The French government views violent protests as a law and order problem.
Unrest and violence in France after the death of a teenager by police shooting is increasing. Till now more than 650 people have been arrested, but the situation remains the same. It was difficult to predict that there would be such a violent reaction to the tension generated after the death of a 17-year-old teenager in the French capital, Paris. Despite the deployment of 40,000 policemen, incidents of looting and arson continue. The effects of events in Paris extend to Brussels.
The situation is so bad that President Emmanuel Macron left the ongoing meeting of European leaders in Brussels and returned home. People take to the street in protest after the death of Nahel M in Nantes. The police officer who shot Nahel has been charged with first degree murder. The case has sparked protests over the police’s right to shoot and racial discrimination in France.
Nahel’s death refreshed the death of George Floyd in the US in 2020. Floyd was not shot, but the police officer pinned him to the ground and applied such pressure to his neck that Floyd died. It was a racially motivated murder. It was opposed in the whole world including America. Even in the case of Nahel’s death, racial allegations are being leveled against the police.
Nahel’s mother Monia has clearly stated that the reason behind her son’s death is racism. Nahel’s mother says that the police officer had the option of not firing if he wanted to, but he did not. She says, he didn’t need to kill my son. He saw an Arab face and wanted to kill him. How long will this last?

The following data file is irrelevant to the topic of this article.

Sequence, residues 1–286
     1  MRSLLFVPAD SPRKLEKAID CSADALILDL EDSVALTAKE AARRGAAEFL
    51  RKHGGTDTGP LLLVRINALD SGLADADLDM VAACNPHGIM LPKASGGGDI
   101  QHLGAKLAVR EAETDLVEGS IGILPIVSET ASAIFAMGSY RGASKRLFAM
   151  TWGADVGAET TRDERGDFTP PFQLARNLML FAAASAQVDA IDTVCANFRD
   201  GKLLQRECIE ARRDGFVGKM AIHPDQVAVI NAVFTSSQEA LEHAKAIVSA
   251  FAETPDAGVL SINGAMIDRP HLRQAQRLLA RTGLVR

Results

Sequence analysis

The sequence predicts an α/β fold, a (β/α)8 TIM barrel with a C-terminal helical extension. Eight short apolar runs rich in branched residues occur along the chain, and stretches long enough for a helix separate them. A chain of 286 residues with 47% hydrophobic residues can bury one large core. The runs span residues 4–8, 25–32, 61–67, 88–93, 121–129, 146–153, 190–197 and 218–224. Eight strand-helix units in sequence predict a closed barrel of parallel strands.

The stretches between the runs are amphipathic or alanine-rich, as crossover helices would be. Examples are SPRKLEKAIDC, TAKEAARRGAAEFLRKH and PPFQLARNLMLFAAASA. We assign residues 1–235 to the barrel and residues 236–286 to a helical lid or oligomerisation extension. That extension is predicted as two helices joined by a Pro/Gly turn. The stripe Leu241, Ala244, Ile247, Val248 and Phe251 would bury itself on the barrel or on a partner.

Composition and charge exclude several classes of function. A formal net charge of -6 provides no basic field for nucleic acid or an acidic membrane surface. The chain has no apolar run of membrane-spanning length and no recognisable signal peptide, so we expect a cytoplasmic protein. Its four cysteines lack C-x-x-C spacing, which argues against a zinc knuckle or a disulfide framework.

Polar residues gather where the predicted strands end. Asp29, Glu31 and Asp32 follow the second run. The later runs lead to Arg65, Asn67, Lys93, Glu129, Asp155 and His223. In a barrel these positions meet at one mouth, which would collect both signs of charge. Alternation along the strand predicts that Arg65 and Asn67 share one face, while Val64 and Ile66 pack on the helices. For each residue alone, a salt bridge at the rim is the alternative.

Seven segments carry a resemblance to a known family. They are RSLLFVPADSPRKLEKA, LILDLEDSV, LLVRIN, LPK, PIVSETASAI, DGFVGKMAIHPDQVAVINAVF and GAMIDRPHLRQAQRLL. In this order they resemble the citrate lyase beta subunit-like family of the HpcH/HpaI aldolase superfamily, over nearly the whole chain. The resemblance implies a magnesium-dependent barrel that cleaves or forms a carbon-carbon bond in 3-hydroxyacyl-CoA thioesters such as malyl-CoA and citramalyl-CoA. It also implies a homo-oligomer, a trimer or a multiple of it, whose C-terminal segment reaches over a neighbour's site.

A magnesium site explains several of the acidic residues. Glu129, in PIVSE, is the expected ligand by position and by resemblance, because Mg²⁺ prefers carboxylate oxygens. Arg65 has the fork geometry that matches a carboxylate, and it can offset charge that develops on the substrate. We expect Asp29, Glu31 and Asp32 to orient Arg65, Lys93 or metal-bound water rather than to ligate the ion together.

The French government views violent protests as a law and order problem. Prime Minister Elizabeth Bourne said violent youths damaged police stations and town halls, but they were not local residents. Our priority is to ensure national unity and for this the only way is to bring the system back on track, Borne said.
Not too long ago, France was rocked by violence triggered by a street incident in April. Police stopped a young man riding a motorcycle in the incident that took place in the city of Villenave La Gahne. While trying to get out while increasing the speed, the motorcyclist hit the police car, but his own leg was also broken. The young man was a Muslim and people rallied in his support. After this a riot-like atmosphere was created which continued for five days.
The repeated violent backlash is just a glimpse into what France’s divided society is. After these latest incidents, the United Nations Human Rights Commission in Geneva has also said that it is a critical time for France to solve its racial issues. People’s anger in France against the state surrounded by allegations of racial discrimination is also a symbol of the fact that the country is not just divided between rich and poor. France is at a stage in its national journey where it can move forward only with a multicultural identity. For this both sensitivity and law will be required.
no assimilation initiative
West African countries such as Algeria, Burkina Faso, Guinea, Mali and Senegal were former French colonies. Many immigrants from these countries arrived in France in the twentieth century. Since 2014, there has been an increase in the number of immigrants from these countries, but there is no initiative in the French society to assimilate this change at the level of law. Even in the census, religion and caste are not recognized.